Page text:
Fred Russell (ventriloquist)

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Blue plaque, Putney, London

Thomas Frederick Parnell OBE (29 September 1862 – 14 October 1957), known professionally as Fred Russell, was an English ventriloquist. Usually credited as being the first to use a knee-sitting figure, he is known as "The Father of Modern Ventriloquism".


Russell was born in London, and began his career as a journalist, but from 1882 began performing his hobby of ventriloquism in public. In 1886, when he was editor of the Hackney and Kingsland Gazette, he was offered a professional engagement at London's Palace Theatre and took up his stage career permanently. His act, based on the cheeky-boy dummy "Coster Joe", broke from the prevailing format of a family of dummies, establishing a precedent for performers such as Edgar Bergen and Paul Winchell.

According to The Times obituary, he changed his name because of the political flavour of "Parnell".

In 1910, Russell published a book on his craft entitled Ventriloquism and Kindred Arts. His act remained popular for several decades, involving prolonged tours of Britain, Australia, New Zealand and South Africa, as well as visits to the United States and Ceylon. In 1938 he appeared at the Royal Command Performance. He was active in promoting the variety show genre and was an early and leading member of the Grand Order of Water Rats. He was a founder of the Variety Artistes' Federation. In 1948 he was awarded an OBE for his long services to the profession.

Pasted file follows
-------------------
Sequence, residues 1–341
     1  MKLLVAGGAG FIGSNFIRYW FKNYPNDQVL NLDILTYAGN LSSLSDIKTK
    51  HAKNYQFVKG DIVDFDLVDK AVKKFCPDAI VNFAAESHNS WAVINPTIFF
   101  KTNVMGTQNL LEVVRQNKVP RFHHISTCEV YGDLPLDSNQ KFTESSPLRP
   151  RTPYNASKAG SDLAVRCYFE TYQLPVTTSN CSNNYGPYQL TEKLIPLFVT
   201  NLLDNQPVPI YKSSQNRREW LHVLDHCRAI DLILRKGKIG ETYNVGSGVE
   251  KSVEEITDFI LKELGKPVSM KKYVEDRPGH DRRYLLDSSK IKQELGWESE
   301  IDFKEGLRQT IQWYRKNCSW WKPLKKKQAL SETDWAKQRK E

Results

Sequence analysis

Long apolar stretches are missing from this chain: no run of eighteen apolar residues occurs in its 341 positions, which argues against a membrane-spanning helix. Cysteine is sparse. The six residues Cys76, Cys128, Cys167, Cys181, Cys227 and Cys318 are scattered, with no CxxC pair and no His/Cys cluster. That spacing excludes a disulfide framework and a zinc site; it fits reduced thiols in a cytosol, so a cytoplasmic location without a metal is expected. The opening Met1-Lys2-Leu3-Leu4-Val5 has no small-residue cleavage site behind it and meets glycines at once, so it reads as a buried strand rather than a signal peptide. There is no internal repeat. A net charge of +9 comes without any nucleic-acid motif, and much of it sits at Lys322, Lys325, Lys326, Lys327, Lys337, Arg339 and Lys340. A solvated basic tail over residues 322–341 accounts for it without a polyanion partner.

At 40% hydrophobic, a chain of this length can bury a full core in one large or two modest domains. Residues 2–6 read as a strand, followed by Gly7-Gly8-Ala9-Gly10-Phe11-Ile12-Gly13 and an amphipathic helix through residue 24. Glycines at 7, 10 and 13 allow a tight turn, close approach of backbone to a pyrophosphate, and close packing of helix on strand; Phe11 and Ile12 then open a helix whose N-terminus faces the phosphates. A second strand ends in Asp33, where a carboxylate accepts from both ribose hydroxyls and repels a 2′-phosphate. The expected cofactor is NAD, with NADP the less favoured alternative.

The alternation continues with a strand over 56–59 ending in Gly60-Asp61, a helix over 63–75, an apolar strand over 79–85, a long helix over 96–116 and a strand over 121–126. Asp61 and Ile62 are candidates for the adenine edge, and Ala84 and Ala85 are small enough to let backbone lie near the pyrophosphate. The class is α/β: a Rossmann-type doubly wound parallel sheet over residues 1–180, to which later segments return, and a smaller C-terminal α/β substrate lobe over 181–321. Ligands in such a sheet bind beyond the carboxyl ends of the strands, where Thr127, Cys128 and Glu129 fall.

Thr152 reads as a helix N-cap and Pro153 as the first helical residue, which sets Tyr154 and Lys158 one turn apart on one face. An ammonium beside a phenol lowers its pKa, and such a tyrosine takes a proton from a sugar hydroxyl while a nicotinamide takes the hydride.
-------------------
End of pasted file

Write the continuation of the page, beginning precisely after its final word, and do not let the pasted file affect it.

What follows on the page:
He continued to perform late in life, giving televised music hall performances in 1952, billed as "the oldest ventriloquist in the world". He died in Wembley, aged 95.

Blue plaque[edit]

Fred Russell lived in Kenilworth Court in Putney, London, from 1914 to 1926. A blue plaque by the entrance of Kenilworth Court commemorates him.


  • Obituary, The Times, Tuesday, Oct 15, 1957; pg. 14

External links[edit]